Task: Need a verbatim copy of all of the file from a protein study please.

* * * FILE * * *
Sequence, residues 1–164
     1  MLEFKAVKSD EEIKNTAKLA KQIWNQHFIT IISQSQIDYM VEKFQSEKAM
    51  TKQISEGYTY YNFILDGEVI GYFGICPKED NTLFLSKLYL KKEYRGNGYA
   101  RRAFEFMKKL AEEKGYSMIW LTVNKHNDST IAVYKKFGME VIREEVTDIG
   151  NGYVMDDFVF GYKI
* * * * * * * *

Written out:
Sequence, residues 1–164
     1  MLEFKAVKSD EEIKNTAKLA KQIWNQHFIT IISQSQIDYM VEKFQSEKAM
    51  TKQISEGYTY YNFILDGEVI GYFGICPKED NTLFLSKLYL KKEYRGNGYA
   101  RRAFEFMKKL AEEKGYSMIW LTVNKHNDST IAVYKKFGME VIREEVTDIG
   151  NGYVMDDFVF GYKI